Gender Violence & Human Rights

Gender Violence & Human Rights

Seeking Justice in Fiji, Papua New Guinea and Vanuatu

Edited by: Aletta Biersack, Margaret Jolly orcid, Martha Macintyre orcid

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Description

The postcolonial states of Fiji, Papua New Guinea and Vanuatu operate today in a global arena in which human rights are widely accepted. As ratifiers of UN treaties such as the Convention on the Elimination of All Forms of Discrimination against Women and the Convention on the Rights of the Child, these Pacific Island countries have committed to promoting women’s and girls’ rights, including the right to a life free of violence. Yet local, national and regional gender values are not always consistent with the principles of gender equality and women’s rights that undergird these globalising conventions. This volume critically interrogates the relation between gender violence and human rights as these three countries and their communities and citizens engage with, appropriate, modify and at times resist human rights principles and their implications for gender violence. Grounded in extensive anthropological, historical and legal research, the volume should prove a crucial resource for the many scholars, policymakers and activists who are concerned about the urgent and ubiquitous problem of gender violence in the western Pacific.

 

This is an important and timely collection that is central to the major and contentious issues in the contemporary Pacific of gender violence and human rights. It builds upon existing literature … but the contributors to this volume interrogate the connection between these two areas deeply and more critically … This book should and must reach a broad audience.
­— Jacqui Leckie, Associate Professor, Anthropology and Archaeology, University of Otago

The volume addresses the tensions between human and cultural, individual and collective rights, as played out in the domain of gender … Gender is a perfect lens for exploring these tensions because cultural rights are often claimed in defence of gender oppression and because women often have imposed upon them the burden of representing cultural traditions in attire, comportment, restraint or putatively cultural conservatism. And Melanesia is a perfect place to consider these gendered issues because of the long history of ethnocentric representations of the region, because of the extent to which these are played out between states and local cultures and because of the efforts of the vibrant women’s movements in the region to develop locally workable responses to the problems of gender violence in these communities.’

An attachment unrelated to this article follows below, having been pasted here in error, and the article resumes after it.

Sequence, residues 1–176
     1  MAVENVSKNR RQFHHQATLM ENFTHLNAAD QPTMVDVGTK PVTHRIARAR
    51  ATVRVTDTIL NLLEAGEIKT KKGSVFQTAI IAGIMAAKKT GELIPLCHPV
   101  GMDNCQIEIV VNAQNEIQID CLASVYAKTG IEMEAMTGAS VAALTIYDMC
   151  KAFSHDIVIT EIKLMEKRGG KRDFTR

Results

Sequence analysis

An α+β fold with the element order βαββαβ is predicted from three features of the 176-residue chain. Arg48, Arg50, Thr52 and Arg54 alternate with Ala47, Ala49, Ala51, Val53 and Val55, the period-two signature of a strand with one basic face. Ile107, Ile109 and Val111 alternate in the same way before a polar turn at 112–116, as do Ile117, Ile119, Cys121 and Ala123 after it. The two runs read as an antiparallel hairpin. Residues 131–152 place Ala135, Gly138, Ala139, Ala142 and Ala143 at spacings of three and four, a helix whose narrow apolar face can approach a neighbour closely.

— Christine Dureau, Senior Lecturer, Anthropology, University of Auckland

Details

ISBN (print):
9781760460709
ISBN (online):
9781760460716
Publication date:
Dec 2016
Imprint:
ANU Press
DOI:
http://dx.doi.org/10.22459/GVHR.12.2016
Disciplines:
Arts & Humanities: History; Law; Social Sciences: Anthropology, Gender Studies, Social Policy & Administration
Countries:
Pacific

PDF Chapters

Gender Violence & Human Rights »

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  1. Villages, Violence and Atonement in Fiji (PDF, 0.5MB)Lynda Newland doi
  2. ‘Lost in Translation’: Gender Violence, Human Rights and Women’s Capabilities in Fiji (PDF, 0.3MB)Nicole George doi
  3. Men’s Matters: Changing Masculine Identities in Papua New Guinea (PDF, 0.9MB)Philip Gibbs doi
  4. Proclivity and Prevalence: Accounting for the Dynamics of Sexual Violence in the Response to HIV in Papua New Guinea (PDF, 0.5MB)Katherine Lepani doi
  5. Sorcery Talk, Gender Violence and the Law in Vanuatu (PDF, 0.3MB)John P. Taylor and Natalie G. Araújo doi
  6. Translating and Internalising International Human Rights Law: The Courts of Melanesia Confront Gendered Violence (PDF, 0.3MB)Jean G. Zorn doi
  7. Human Rights Work in Papua New Guinea, Fiji and Vanuatu (PDF, 0.4MB)Aletta Biersack doi
  8. ‘When She Cries Oceans’: Navigating Gender Violence in the Western Pacific (PDF, 0.3MB)Margaret Jolly doi

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